Handler missing /_page_handlers/dog-breeds/dogue-de-bordeaux.cfm Dogue De Bordeaux | petinsurance.com.au

Dogue De Bordeaux

  • Giant
  • Muscular
  • Powerful
  • Calm
  • Instinct

Dogue De Bordeaux History

The Dogue De Bordeaux (aka French Mastiff, Bordeaux Mastiff and Bordeaux Bulldog) originated in Bordeaux in southern France and dates back to the 14th century.

The exact breeding is not known but it is speculated that the Dogue De Bordeaux resulted from a crossbreeding of an English and Spanish Mastiff and an Aquitainian (region in south west France) guard dog.

The breed has been used for a variety of roles including cattle herding, guard dog, bull baiting and hunting.

The breed was only recognised by the AKC as recently as 2008.

Dogue De Bordeaux Characteristics

This giant, short coated dog is gentle and obedient despite its ferocious appearance and is good with children.

It is imperative that the owner is confident and consistent with training and that the puppy is socialised from an early age. They also require daily exercise.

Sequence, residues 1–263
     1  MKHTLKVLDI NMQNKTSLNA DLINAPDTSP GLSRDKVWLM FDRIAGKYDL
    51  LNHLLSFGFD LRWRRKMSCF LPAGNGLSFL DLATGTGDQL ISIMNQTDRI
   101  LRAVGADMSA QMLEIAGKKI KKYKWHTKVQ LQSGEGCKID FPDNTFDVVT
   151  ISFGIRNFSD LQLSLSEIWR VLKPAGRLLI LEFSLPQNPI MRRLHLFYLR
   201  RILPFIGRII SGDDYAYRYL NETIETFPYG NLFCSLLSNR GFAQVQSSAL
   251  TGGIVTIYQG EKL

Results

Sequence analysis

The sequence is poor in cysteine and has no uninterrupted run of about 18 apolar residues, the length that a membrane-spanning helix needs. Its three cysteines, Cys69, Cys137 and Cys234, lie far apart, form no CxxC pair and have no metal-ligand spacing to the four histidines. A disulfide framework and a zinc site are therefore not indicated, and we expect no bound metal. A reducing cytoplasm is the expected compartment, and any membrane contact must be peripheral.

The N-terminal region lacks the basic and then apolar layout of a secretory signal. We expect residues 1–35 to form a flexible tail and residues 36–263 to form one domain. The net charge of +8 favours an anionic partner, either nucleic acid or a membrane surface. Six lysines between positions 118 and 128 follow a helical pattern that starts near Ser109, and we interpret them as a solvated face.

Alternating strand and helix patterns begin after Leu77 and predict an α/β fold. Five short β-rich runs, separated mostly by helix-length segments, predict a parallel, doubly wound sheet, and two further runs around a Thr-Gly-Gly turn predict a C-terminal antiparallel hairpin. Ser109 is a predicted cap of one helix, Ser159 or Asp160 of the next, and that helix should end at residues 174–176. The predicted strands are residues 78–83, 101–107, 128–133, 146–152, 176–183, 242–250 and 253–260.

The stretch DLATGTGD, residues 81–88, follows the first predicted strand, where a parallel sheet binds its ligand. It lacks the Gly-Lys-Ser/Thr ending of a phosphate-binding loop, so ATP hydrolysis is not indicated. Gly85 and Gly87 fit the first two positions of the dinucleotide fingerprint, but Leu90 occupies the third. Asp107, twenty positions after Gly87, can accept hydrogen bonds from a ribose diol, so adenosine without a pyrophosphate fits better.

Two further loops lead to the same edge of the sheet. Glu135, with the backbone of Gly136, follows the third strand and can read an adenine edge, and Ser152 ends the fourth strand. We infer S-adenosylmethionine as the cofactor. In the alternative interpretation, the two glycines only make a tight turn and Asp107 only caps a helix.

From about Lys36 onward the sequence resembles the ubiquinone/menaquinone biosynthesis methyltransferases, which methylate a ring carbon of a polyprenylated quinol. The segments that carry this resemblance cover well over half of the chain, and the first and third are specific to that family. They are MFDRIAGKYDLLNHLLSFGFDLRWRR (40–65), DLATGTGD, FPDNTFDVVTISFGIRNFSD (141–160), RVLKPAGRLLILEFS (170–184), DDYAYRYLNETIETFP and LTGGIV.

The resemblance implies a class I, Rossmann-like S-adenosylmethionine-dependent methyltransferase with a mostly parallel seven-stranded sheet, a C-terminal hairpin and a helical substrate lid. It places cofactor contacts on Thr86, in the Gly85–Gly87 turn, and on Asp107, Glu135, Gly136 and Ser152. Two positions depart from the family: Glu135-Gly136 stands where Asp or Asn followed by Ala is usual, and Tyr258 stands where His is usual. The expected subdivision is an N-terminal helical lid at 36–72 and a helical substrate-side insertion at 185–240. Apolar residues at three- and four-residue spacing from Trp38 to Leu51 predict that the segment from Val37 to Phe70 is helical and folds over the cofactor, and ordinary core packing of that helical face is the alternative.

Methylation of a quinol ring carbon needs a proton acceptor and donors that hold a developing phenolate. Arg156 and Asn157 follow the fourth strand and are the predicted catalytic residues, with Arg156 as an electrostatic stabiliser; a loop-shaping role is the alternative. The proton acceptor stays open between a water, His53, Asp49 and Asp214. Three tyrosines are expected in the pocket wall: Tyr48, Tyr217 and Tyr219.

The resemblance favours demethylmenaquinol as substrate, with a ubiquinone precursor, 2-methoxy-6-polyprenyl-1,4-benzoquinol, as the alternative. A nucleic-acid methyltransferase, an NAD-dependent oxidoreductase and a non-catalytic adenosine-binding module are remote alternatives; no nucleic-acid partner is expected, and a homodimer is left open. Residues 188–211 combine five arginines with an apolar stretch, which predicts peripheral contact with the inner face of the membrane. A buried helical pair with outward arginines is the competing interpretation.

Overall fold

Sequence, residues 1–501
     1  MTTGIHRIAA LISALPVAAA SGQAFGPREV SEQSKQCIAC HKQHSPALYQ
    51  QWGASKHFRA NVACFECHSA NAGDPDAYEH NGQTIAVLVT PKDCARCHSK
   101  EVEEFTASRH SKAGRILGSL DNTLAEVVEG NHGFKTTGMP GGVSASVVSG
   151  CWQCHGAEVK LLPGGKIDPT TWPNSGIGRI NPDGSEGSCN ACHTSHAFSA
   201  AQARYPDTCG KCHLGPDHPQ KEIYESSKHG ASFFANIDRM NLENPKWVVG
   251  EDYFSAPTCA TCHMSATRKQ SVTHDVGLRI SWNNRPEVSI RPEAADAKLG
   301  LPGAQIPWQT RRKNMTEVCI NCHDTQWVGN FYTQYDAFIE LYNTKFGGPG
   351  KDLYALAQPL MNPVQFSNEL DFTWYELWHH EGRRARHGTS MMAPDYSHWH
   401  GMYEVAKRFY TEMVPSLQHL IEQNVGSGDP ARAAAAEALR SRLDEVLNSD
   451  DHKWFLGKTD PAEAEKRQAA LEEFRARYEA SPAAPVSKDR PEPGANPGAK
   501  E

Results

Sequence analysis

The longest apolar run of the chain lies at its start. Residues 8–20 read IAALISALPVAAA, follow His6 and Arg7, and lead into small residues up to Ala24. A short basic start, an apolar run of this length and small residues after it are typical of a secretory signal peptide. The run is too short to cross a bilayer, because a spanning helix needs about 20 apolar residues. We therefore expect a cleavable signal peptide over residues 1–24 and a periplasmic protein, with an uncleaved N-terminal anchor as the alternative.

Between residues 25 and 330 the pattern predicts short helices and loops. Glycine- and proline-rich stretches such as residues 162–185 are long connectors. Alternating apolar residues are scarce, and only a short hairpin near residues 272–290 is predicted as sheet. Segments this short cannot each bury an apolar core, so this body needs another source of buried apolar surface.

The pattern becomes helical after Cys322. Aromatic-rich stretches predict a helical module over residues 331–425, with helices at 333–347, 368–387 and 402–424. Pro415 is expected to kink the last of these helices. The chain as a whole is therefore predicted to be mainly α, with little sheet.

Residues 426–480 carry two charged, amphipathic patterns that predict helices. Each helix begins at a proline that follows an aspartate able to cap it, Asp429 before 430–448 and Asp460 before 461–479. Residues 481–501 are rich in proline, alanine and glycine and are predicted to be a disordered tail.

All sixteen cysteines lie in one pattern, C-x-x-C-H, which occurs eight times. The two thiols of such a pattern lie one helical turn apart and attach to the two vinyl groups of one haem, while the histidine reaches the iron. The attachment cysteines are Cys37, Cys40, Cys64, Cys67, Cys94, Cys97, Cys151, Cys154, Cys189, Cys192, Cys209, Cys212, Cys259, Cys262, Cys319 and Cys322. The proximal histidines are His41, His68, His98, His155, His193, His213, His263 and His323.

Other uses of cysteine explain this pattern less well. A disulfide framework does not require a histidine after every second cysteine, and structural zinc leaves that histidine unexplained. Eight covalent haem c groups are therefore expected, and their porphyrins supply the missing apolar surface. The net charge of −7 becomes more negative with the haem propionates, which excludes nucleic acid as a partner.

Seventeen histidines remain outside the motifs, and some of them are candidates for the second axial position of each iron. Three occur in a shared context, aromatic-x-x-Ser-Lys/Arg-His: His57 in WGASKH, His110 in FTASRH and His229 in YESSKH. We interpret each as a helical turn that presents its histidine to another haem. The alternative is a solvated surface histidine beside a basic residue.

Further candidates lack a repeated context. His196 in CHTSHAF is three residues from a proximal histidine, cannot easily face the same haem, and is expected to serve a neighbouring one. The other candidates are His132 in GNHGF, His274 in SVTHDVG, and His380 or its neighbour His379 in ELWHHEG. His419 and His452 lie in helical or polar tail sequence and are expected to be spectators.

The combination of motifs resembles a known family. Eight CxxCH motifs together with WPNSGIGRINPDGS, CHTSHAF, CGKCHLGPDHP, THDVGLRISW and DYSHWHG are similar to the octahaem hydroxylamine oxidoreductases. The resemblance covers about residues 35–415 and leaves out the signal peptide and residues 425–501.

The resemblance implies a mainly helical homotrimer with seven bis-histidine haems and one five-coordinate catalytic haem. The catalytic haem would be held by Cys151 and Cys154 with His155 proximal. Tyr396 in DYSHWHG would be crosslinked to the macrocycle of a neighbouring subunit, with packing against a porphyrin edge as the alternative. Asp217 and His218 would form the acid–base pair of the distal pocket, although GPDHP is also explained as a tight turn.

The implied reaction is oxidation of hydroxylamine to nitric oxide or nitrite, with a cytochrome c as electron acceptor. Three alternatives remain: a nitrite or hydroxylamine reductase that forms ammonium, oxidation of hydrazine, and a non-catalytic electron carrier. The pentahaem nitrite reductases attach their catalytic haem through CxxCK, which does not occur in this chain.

They tend to be a messy with eating i.e. they can often be seen drooling and they often snore!

Dogue De Bordeaux Health Issues

Average lifespan is 8 – 10 years.

Common Illnesses include;

  • Hip and Elbow Dysplasia - Genetic conditions that cause abnormal development of the elbow and hip joints in young dogs. This can lead to early onset degenerative joint disease.
  • Bloat (Gastric Dilatation Volvulus, GDV) – Twisting of the stomach resulting in rapid swelling of the abdomen causing pain and eventual death if not treated.
  • Osteochondosis dissecans (OCD) -  Developmental disorder where flaps of cartilage run against tissue causing irritation, pain, lameness and eventual degenerative joint disease. If severe enough, this can require surgery.
  • Epilepsy – Recurrent Seizures.
  • Dystocia (difficulty giving birth) – Some litters require caesarian section due to their large puppies.
  • Demodectic Mange – This breed is prone to dermatitis as a result of demodex mites.
  • Dilated Cardiomyopathy – Poor contractility of the heart muscle leads to arrhythmias and congestive heart failure.
  • Cancer – Osteosarcoma (bone cancer) can affect this breed.

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